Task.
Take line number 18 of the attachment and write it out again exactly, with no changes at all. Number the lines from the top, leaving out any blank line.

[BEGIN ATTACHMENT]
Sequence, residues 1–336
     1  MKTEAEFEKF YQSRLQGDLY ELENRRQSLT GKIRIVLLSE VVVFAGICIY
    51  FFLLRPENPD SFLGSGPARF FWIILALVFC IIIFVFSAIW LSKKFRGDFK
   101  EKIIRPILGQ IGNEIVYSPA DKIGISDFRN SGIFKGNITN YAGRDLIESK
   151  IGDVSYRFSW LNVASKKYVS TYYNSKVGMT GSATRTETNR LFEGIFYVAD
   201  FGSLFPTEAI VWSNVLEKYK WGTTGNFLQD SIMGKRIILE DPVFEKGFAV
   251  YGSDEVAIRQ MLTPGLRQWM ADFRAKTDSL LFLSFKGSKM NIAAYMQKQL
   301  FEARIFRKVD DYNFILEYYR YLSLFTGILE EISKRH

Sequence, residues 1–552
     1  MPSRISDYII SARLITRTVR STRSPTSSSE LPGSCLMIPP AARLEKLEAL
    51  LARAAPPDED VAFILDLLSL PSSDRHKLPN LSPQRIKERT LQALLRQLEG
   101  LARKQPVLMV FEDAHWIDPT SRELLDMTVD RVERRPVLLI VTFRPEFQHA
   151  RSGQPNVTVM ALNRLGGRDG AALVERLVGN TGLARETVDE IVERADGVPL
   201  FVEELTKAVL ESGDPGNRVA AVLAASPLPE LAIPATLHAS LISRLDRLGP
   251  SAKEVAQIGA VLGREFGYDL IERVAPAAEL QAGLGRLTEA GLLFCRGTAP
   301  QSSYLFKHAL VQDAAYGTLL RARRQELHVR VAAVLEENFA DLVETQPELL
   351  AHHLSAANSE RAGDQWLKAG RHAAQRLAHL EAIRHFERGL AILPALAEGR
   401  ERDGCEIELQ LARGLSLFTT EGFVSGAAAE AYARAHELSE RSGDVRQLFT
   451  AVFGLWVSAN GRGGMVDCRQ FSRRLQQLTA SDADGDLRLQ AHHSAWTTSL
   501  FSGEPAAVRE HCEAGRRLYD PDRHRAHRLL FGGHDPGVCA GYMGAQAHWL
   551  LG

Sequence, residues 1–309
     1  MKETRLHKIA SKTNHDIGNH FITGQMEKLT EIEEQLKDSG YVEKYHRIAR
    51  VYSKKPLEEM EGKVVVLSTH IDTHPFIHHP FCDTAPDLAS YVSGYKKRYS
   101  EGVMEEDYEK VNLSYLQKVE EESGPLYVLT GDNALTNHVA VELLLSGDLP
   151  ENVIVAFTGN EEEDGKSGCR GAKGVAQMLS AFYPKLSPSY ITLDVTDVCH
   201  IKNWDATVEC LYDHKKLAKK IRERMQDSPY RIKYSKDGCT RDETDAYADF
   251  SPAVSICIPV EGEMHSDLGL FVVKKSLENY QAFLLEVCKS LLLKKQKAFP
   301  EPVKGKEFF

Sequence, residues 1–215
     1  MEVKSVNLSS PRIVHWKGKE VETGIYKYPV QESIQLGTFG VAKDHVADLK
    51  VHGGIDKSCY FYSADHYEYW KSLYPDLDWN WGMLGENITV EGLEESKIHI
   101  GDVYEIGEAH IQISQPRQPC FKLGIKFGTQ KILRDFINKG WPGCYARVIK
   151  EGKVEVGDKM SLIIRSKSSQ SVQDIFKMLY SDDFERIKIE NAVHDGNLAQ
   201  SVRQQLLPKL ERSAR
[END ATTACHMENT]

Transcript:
   401  ERDGCEIELQ LARGLSLFTT EGFVSGAAAE AYARAHELSE RSGDVRQLFT